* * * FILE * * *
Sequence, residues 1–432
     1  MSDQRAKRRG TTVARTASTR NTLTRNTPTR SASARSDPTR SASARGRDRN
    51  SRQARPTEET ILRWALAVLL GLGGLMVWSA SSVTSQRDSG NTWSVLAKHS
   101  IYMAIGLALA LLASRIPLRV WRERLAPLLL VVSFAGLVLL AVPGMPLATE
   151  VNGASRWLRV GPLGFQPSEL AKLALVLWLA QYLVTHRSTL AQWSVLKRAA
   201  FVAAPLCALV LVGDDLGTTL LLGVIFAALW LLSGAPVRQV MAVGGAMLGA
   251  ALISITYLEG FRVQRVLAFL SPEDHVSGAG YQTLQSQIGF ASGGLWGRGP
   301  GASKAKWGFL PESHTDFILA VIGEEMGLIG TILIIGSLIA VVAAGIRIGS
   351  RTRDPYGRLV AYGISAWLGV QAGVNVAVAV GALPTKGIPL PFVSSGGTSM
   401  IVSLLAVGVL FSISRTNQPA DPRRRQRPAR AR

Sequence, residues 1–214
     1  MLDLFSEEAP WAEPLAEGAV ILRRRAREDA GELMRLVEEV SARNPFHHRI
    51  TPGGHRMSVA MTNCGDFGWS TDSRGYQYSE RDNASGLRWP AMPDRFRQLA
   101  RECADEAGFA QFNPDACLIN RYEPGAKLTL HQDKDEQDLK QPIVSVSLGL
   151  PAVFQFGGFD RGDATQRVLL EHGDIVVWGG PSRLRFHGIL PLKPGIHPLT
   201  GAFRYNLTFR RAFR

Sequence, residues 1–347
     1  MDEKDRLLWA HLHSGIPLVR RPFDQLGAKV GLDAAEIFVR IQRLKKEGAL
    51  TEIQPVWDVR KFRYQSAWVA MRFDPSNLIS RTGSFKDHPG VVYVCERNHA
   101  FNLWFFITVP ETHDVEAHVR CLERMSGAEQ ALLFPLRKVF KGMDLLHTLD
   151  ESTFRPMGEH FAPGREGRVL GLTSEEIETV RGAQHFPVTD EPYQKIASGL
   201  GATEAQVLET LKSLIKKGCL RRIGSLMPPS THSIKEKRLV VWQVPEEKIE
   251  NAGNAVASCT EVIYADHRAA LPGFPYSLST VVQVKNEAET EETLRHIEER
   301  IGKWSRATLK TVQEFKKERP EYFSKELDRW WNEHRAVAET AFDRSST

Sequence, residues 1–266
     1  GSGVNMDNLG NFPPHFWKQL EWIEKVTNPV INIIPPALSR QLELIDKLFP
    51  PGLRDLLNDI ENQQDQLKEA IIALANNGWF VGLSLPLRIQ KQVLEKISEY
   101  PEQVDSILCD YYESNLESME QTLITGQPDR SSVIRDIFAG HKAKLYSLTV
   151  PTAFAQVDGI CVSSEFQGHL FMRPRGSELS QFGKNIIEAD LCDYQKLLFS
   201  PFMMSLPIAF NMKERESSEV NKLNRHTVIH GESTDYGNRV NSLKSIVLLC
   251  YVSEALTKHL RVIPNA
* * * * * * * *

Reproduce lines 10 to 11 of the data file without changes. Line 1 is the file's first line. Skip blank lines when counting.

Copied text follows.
   401  IVSLLAVGVL FSISRTNQPA DPRRRQRPAR AR

Sequence, residues 1–214